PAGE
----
It was hard to believe, but it was finally time to head home. After working hard for several weeks, the LMG and her crew headed back north. As we spent our last few days in Antarctic waters, we were fortunate to have fantastic weather and to see some spectacular views of the Western Antarctic Peninsula! Everyone was out taking pictures of the amazing ice covered peaks, icebergs and wildlife.
The time for fun was short-lived, however. Within the week, the LMG returned to Palmer Station, transferred personnel and gear, crossed the Drake Passage and was back in Punta Arenas. And just like that, my time in Antarctica was over.
Back at home, I’m beginning to process all that I’ve seen and done…and sorting through close to 6,000 photographs. Looking through my photos I find images of blue icebergs, towering glaciers, penguins with their chicks, phytoplankton underneath the microscope, sunsets on mountain peaks. I also see pictures of people working hard to collect scientific information about an environment that is changing rapidly as temperatures rise due to climate change.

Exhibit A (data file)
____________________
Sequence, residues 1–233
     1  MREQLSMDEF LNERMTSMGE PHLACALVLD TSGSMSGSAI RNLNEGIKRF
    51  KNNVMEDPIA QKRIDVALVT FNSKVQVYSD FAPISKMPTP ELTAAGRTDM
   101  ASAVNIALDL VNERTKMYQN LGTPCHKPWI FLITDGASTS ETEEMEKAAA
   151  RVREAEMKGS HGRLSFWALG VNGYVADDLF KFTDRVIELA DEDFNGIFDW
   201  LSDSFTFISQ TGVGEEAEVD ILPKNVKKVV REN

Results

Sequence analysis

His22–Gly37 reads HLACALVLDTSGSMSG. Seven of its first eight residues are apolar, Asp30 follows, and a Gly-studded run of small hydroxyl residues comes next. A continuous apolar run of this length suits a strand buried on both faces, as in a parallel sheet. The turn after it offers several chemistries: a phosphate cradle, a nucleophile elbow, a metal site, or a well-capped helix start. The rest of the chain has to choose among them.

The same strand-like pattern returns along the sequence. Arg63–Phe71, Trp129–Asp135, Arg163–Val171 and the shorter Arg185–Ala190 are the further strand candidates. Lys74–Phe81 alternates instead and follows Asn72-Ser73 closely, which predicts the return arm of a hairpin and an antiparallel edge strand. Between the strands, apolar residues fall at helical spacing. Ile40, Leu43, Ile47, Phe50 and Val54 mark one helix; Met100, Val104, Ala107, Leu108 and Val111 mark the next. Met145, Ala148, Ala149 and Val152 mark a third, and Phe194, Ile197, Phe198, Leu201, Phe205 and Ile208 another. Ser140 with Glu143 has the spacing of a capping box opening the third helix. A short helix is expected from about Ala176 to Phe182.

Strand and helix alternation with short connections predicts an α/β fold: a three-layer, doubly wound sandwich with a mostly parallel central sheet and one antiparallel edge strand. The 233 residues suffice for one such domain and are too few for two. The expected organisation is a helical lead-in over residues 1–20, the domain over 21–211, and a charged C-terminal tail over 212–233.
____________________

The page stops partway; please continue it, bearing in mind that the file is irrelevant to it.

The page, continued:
Ecosystems run on a delicate balance. Everything relies on something else. Here, microbes help transform nutrients, phytoplankton feed krill, krill feed penguins and whales, and seals eat penguins. As temperatures rise rapidly over the western side of the Peninsula, changes are occurring and the important connections between organisms are being altered. LTER scientists are trying to determine the connections and this field season data adds one more piece to the puzzle.
So what did we find? Some answers will have to wait until many of the samples can be analyzed back in the lab. Other observations are more immediately answered. Adelie penguin colonies changed in size. A species of algae was observed in an area that it is not usually found. Higher primary productivity levels were seen as we travelled south. Crabeater seals were abundant in areas of high crystal krill (Euphausia crystallorophias) concentrations.
All of the research done gives the Palmer LTER scientists a clearer picture of what’s happening in the Western Antarctic Peninsula puzzle this year.
But what does this mean for the bigger picture? Changes are happening. What the ultimate result will be is a bit harder to determine. I can’t help but wonder if this polar environment will be here for future generations. I hope so. I’m thankful to have seen it and to have worked alongside the dedicated LTER researchers who study this amazing area. It’s now time for me to help in my own way telling others about this stunning environment. Humans have become part of Antarctica and the oceans delicate balance. Hopefully, we can make positive changes that lead to healthy ecosystems and a healthy ocean for our future.